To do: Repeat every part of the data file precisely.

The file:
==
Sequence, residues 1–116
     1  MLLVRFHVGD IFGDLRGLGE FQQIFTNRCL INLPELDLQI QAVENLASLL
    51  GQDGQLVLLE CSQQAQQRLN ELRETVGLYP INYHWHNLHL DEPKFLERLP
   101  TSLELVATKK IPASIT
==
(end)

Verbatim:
Sequence, residues 1–116
     1  MLLVRFHVGD IFGDLRGLGE FQQIFTNRCL INLPELDLQI QAVENLASLL
    51  GQDGQLVLLE CSQQAQQRLN ELRETVGLYP INYHWHNLHL DEPKFLERLP
   101  TSLELVATKK IPASIT